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Jim Armitage: Maurice Tulloch tries to breathe life into Aviva's ailing share price

JIM ARMITAGE
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Jim Armitage: Maurice Tulloch tries to breathe life into Aviva's ailing share price

Jim Armitage: Maurice Tulloch tries to breathe life into Aviva's ailing share price

When it comes to trampling on legacies, Maurice Tulloch is up there with the best of ’em. Just weeks since replacing the ousted Mark Wilson, the pugilistic Canadian today ripped up one of his biggest innovations.

Wilson’s mantra was that Aviva’s future lay in selling customers life and general insurance. We pay out if you die, and if you flood the loo.

Integrate both businesses under one team, he reasoned, and the cross-selling will magically begin.

It didn’t. Brits have been so conditioned to shop around or get ripped off that the idea of being all in with one player seemed a mug’s game. Aviva’s cross-selling barely budged.

So today, Tulloch ripped the two businesses apart again, figuring more focus on each will make for better products, winning customers that way. Legal & General figured this out long ago, last week selling its general insurance business to focus on its real specialism, life cover. That led to expectations Aviva would also sell one or t’other.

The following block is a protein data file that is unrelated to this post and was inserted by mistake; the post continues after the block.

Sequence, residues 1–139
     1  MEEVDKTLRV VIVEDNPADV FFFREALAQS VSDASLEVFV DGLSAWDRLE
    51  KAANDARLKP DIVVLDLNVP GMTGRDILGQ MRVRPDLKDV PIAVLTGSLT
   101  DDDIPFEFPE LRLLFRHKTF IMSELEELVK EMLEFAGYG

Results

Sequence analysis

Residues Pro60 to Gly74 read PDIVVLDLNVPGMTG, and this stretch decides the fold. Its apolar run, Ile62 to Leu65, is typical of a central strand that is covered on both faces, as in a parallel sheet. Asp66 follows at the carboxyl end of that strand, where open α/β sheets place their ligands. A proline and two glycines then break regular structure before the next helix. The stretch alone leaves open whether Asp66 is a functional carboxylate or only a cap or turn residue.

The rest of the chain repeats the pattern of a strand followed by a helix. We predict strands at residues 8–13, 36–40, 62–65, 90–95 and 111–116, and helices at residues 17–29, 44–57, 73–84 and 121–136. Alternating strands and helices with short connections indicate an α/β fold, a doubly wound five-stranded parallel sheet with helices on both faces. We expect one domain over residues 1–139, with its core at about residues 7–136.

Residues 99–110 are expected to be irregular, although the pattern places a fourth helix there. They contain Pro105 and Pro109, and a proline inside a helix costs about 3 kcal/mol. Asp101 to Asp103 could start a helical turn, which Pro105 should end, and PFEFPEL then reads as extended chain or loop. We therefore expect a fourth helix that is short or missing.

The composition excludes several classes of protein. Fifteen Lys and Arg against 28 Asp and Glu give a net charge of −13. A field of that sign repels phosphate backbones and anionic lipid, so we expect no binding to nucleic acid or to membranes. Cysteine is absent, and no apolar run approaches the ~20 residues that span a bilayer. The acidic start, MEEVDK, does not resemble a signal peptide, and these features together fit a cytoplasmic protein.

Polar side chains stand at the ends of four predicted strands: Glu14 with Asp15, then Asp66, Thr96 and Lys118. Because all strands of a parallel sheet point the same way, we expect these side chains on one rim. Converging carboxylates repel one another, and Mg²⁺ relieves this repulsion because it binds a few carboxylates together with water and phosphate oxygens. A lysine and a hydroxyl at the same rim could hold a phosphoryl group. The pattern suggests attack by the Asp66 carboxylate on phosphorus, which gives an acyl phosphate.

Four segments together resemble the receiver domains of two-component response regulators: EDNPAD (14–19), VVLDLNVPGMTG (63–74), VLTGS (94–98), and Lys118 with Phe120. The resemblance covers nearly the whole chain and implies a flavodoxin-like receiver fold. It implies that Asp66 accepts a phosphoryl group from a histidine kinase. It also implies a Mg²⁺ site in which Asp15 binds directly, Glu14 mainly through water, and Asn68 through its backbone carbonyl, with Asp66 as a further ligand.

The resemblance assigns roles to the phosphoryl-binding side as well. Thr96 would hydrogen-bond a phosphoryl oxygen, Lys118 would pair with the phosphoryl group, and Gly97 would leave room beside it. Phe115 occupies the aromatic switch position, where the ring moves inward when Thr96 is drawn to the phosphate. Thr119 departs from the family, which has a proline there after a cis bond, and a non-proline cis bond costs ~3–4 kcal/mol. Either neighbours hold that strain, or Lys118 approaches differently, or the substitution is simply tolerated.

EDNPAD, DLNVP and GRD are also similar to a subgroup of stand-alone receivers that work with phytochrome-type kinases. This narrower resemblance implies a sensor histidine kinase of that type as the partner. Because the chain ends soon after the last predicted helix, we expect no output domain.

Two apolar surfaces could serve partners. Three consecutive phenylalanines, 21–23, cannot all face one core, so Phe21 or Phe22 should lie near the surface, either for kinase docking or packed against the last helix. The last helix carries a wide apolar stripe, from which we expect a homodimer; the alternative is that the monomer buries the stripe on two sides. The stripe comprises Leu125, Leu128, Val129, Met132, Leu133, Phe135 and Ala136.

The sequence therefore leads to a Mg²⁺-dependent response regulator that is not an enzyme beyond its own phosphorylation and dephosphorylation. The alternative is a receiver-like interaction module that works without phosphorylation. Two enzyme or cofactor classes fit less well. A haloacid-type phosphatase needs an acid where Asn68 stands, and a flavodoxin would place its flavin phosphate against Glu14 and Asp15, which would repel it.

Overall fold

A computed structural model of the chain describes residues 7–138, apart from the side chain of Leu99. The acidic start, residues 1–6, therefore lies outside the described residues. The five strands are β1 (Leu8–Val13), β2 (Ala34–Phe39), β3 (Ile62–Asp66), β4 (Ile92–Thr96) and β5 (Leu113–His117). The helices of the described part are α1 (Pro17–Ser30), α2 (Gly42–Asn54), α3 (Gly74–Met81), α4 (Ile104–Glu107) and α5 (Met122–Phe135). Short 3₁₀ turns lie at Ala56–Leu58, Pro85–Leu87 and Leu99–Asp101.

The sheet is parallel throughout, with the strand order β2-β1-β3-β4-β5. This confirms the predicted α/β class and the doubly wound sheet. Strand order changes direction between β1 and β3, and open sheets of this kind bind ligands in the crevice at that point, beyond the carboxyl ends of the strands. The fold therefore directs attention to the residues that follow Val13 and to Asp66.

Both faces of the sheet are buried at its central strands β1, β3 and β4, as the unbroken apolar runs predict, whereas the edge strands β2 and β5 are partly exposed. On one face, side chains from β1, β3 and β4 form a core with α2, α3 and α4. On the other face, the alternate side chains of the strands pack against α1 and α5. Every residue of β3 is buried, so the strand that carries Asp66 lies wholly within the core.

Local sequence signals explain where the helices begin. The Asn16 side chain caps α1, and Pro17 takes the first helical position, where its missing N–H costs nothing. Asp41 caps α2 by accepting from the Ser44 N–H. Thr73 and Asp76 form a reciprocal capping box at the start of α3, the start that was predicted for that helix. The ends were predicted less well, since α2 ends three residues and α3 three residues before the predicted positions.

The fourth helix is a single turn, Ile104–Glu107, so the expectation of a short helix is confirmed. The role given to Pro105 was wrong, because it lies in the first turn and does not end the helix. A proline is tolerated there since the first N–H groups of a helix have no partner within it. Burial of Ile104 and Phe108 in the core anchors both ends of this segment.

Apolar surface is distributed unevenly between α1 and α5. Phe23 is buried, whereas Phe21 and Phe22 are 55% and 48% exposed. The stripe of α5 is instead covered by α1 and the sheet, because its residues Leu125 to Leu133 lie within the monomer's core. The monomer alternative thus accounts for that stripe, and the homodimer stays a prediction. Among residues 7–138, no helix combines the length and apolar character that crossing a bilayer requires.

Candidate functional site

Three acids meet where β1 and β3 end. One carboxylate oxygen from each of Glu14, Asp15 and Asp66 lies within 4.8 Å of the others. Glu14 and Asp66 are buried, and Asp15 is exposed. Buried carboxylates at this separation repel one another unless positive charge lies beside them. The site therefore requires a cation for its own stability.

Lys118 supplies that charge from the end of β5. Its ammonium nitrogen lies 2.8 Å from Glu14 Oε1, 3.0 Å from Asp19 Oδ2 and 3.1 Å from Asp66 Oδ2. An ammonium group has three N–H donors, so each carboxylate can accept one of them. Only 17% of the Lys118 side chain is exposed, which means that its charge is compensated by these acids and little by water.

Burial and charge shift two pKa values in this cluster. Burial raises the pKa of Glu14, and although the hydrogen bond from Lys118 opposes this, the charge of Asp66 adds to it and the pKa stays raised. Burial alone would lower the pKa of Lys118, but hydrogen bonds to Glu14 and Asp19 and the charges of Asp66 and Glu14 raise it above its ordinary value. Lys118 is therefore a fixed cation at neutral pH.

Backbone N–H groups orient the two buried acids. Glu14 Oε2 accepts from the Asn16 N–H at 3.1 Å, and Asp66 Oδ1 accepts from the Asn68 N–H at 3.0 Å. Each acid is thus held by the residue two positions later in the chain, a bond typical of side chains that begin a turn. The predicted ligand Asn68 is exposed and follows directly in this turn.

Today’s move could be a precursor to that, but not necessarily.

Unlike L&G, whose general business was tiddly, Aviva is huge in both life and general. There are good synergies for it in retaining its composite structure. Big savings on regulatory capital for one, brand recognition for another.

But the move, coupled with yesterday’s removal of the finance director, makes for more transparent accounts for each side. That should make them easier for potential bidders to value, getting Aviva’s sluggish share price moving. The trouble with hiring a chief executive from within at a troubled company is that they have to prove they’re not part of the problem. Tulloch has gone some way towards making that case.